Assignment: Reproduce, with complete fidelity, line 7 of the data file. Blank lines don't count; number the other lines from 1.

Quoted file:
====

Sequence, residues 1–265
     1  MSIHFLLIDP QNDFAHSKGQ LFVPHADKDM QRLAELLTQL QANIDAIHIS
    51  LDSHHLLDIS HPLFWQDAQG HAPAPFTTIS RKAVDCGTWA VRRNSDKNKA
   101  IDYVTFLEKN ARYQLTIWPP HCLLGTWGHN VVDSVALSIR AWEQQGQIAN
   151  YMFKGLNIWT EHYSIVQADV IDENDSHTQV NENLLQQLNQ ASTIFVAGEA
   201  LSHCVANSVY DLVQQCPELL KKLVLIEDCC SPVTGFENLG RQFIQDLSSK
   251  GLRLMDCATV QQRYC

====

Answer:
   251  GLRLMDCATV QQRYC